7IM believes that time in the market, rather than timing the market, is your friend. But what evidence is there that remaining invested could be a better strategy.
Anyone who has read Justin Urquhart Stewart’s articles will probably be familiar with his tenet of ‘it’s time in the market, not timing the market that is important’. We believe that concept is key for investors to understand; it’s those who remain fully invested over the long term – i.e. a minimum of five years, but preferably nearer eight to ten – who should reap the rewards of that commitment to ignore market movements in the short term (and which can be quite volatile). The investors who aim to buy low and sell high very rarely have perfect timing and will usually miss the peaks and troughs significantly.
I make this statement knowing how tough it is to time markets, even for someone whose day job it is to watch them. We often have a view about which way a market may trend, but we will rarely know when the trend starts, how far it will move markets and how quickly. Meanwhile the trading on futures exchanges, as an example, often takes place outside of office hours, and can have an influence on the underlying index when it next opens for trading and can’t be watched all the time by anyone. It is not possible to stay on top of everything, all the time.
When you’re an individual investor, there are even more reasons why timing the market is difficult. For most of us, practicality is up there – life gets in the way. We can't watch the market every minute of every day and so can easily miss that optimal time to buy or sell. As an individual, you also don’t have access to the information and systems that professional investors do and might not be able to accurately track the market or trade that investment as easily. Emotions also play a role. Losing out on an investment can be more than mildly annoying – it can actually change your future behaviour. If you've lost out in market movements once, there’s a natural tendency is to be wary of ending up in the same situation.
An example here is when investors waiting to be absolutely confident about a market rally before reinvesting. Waiting for certainty can be costly though, as investors buy back into their investments too late and miss the upside that they were keen to access. This is highlighted by this graph:
Source: Financial Express
Here, we give an example of a would-be investor who invested in the 7IM Balanced Fund (as per the green line). In October 2008 markets fell sharply. Here, the red line takes up the performance if they panicked, sold down into cash and then didn’t re-enter the market until March 2010 – perhaps when their view of the world was more optimistic, so they bought back into the 7IM Balanced Fund. By trying to time the market, they have cost themselves money. Had they stayed invested (just tracking the green line) their investment would have returned 68.50%, while the investor seeking to time the market (the red line) saw returns of 51.17%. On a £50,000 portfolio, while past performance is no indication of future returns, that’s a potential difference of £8,665. While missing out on gaining nearly £10,000 isn’t as emotionally painful as losing it, the financial impact is the same.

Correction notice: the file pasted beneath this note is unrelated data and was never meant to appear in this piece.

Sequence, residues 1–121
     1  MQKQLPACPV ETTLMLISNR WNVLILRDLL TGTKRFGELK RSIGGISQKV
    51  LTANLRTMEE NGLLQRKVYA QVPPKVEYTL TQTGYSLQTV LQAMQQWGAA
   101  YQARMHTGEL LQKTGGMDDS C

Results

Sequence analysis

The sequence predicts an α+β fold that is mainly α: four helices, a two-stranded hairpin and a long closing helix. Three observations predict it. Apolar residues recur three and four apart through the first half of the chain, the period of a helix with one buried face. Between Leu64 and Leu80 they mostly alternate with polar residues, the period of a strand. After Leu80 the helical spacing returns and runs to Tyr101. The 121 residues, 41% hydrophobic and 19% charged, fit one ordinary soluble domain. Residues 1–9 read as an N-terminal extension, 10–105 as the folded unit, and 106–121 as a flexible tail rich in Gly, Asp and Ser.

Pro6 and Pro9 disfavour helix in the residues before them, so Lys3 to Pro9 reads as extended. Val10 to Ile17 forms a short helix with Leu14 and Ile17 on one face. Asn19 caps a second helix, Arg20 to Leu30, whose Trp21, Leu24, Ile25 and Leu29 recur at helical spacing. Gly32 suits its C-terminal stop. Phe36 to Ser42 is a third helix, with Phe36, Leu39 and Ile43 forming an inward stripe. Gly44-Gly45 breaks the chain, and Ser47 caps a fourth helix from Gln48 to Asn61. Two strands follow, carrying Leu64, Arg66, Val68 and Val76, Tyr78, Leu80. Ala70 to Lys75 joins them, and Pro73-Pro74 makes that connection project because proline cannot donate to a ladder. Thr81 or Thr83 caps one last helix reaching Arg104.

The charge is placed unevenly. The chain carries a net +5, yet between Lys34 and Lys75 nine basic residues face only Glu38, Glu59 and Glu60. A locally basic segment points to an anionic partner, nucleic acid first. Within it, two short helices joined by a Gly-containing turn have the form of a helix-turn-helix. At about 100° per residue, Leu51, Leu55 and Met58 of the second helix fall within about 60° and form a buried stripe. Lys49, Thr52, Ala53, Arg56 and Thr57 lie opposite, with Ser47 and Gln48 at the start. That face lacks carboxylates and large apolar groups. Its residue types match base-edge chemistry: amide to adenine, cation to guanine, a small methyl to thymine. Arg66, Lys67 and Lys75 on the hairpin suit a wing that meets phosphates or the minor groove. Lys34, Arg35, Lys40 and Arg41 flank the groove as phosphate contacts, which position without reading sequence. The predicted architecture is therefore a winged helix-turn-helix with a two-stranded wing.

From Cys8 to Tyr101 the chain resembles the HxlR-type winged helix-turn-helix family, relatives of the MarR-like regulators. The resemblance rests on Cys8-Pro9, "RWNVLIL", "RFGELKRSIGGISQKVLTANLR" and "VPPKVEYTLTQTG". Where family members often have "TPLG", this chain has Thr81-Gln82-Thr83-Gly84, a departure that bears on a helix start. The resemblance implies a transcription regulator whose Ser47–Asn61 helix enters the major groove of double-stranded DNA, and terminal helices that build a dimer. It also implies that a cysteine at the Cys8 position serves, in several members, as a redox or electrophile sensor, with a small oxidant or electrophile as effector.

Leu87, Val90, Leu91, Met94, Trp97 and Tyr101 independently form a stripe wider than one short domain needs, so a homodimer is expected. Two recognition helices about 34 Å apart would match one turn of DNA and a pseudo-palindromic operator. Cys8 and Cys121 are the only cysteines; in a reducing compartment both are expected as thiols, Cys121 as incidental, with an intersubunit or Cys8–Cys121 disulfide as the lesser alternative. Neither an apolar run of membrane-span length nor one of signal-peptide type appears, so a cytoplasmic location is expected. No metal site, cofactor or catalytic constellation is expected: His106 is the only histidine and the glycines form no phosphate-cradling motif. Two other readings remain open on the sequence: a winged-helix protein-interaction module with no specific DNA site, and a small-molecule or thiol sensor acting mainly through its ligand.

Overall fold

And while it’s easy to sit there say that no one would wait that long to buy back in, it’s worth remembering how dark a period 2009 was.
There are other ways of highlighting how time in the market is your friend. Here we dug into the detail of the FTSE 100’s annual returns over the last 20 years, measuring how well you could have done, just by missing the bad days – exactly the mentality investors have when they sell to cash. If you’d managed to miss the 20 worst days, you could have tripled your return.
Source: 7IM, Bloomberg
That seems attractive to most people! However, it is worth looking at the opportunity cost too. The chart below shows the portfolio impact of missing the best days in the markets. Miss the best 20 days (over a 20 year period!) and your portfolio loses money!
Source: 7IM, Bloomberg
Now bear in mind that most of the best days occurred within a week or so of the worst days. Is anyone that good at market timing, professional or otherwise?! Imagine if you had sold and managed to miss one worst day, but then failed to buy back in and so you miss the next best day too. The events could cancel each other out, or perhaps, have even worse consequences. By trying to time the market, you could be more likely to completely miss the boat. On top of this, you have to also calculate the costs of trading all these investments. 7IM doesn’t levy dealing charges, but a lot of firms do and you could up having to deduct quite a lot from the returns you have salvaged.
Last, but definitely not least, we also have to highlight that buying and selling on a regular basis means that you could be disinvested in a stock when it comes to the dividend pay-out date. We’ve exaggerated our timeline to 67 years here to lay the effects on thick and make our message clear: if you reinvest any dividends, they have a powerful influence on your overall returns. Excluding compounding, investing £100 over this timeframe would have (historically) delivered returns of £8,0011. Including the compounding, the return could increase to £147,384.
So what are you going to do?
1 Source: Bloomberg
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Seven Investment Management LLP is authorised and regulated by the Financial Conduct Authority. Member of the London Stock Exchange. Registered office: 55 Bishopsgate, London EC2N 3AS. Registered in England and Wales number OC378740. The value of investments may fluctuate in price or value and you may get back less than the amount originally invested. Past performance is not a guide to the future. The investments may not be suitable for everyone and if you have any doubts you should contact your investment advisor.